WORTH THE COST
UIS's Engaged Citizenship Common Experience curriculum is a very small requirement and I found it to be a valuable experience ("Diversity curriculum still debated," March 10). I think the perspectives and information you are exposed to make people think beyond themselves as well as challenging ideas about the world.
I don't always agree with the choices made at UIS about curriculum or policy, but the ECCE requirement is a very small but valuable part of the degree. Faculty should have input, but it is too easy for the colleges to undermine the purpose of the requirement if they are allowed to just designate courses within their own college as satisfying the requirement. If anything, colleges should be allowed to propose courses that could fulfill aspects of the requirement and a committee could evaluate the curriculum and decide what courses meet the bar for ECCE.
Rebecca Jo Luke
Assuming these nine hours of ECCE are standard tuition rate, I would prefer studying nine hours in my major. Per the UIS website, 2022 tuition, fees and assessments are $332.25 per hour, or $2,990.25 for nine hours. I would call that a substantial expense.
A TRUE STAR
We were so pleased and surprised to see the article on Marissa Jo Cerar ("From here to Hollywood," March 10). My husband Don's mother was the oldest child in the Cerar family, and Marissa's father, George, was the youngest.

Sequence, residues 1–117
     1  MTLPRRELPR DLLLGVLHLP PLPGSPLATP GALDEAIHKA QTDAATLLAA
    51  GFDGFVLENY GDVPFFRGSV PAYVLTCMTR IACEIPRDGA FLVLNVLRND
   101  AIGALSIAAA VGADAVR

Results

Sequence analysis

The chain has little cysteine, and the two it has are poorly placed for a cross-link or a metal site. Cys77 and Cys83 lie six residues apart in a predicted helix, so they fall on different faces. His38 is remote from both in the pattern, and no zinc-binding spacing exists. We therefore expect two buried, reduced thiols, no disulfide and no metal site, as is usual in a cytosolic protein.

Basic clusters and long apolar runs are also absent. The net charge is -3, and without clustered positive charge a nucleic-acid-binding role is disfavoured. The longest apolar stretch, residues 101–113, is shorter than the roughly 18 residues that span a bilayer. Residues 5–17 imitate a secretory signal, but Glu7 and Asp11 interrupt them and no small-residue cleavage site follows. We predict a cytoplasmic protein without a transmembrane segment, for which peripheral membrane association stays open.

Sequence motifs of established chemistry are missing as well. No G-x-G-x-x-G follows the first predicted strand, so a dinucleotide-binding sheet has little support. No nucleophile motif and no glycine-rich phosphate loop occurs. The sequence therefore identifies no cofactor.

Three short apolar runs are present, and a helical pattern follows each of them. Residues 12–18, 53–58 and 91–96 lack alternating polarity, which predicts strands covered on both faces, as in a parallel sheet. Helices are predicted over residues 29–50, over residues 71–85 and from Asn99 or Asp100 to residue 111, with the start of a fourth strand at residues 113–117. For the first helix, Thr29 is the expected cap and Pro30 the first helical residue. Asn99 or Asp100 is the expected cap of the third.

The article was very well written. I have been notifying everyone I can think of to tell them about the article. I picked up several copies of the issue.
Besides being very talented, Marissa Jo is full of energy and very good to her parents.
Congratulations to Marissa! I know her parents, George and Rita, are so proud.
Stacey Hollis Stufflebeam
Thank you to Scott Reeder for sharing a loving tribute about his brother, Danny ("Why I weep when I hear "Danny Boy,"" March 3). I always look forward to and enjoy reading his columns. Sara Lopinski Springfield
I'm not sure what the answer is, but my grandmother and other family members in Wayne County, Illinois, supported Lincoln Christian when it was a college ("End of an era: Lincoln Christian University shifts focus to maintain viability," March 10). I just hope the curriculum is set to make it easy for students to transfer to other schools and complete degrees that those schools specialize in.
Nancy Stephens Daugherty